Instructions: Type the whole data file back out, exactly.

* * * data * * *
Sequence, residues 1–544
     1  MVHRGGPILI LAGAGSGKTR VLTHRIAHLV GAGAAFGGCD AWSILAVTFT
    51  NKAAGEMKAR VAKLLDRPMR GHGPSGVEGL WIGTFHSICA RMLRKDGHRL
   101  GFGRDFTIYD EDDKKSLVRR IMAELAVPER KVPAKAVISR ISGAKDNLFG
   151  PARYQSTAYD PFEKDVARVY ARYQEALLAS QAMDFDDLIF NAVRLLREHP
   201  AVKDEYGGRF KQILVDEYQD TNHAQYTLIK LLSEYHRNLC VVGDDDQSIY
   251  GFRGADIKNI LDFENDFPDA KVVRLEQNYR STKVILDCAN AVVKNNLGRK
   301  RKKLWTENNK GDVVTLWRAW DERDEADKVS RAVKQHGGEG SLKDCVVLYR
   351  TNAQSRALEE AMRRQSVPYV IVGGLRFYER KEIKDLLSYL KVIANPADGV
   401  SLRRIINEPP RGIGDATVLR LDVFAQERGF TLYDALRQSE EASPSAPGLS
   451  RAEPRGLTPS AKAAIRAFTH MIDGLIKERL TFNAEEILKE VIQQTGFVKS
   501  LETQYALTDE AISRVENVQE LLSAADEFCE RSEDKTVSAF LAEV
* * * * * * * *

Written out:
Sequence, residues 1–544
     1  MVHRGGPILI LAGAGSGKTR VLTHRIAHLV GAGAAFGGCD AWSILAVTFT
    51  NKAAGEMKAR VAKLLDRPMR GHGPSGVEGL WIGTFHSICA RMLRKDGHRL
   101  GFGRDFTIYD EDDKKSLVRR IMAELAVPER KVPAKAVISR ISGAKDNLFG
   151  PARYQSTAYD PFEKDVARVY ARYQEALLAS QAMDFDDLIF NAVRLLREHP
   201  AVKDEYGGRF KQILVDEYQD TNHAQYTLIK LLSEYHRNLC VVGDDDQSIY
   251  GFRGADIKNI LDFENDFPDA KVVRLEQNYR STKVILDCAN AVVKNNLGRK
   301  RKKLWTENNK GDVVTLWRAW DERDEADKVS RAVKQHGGEG SLKDCVVLYR
   351  TNAQSRALEE AMRRQSVPYV IVGGLRFYER KEIKDLLSYL KVIANPADGV
   401  SLRRIINEPP RGIGDATVLR LDVFAQERGF TLYDALRQSE EASPSAPGLS
   451  RAEPRGLTPS AKAAIRAFTH MIDGLIKERL TFNAEEILKE VIQQTGFVKS
   501  LETQYALTDE AISRVENVQE LLSAADEFCE RSEDKTVSAF LAEV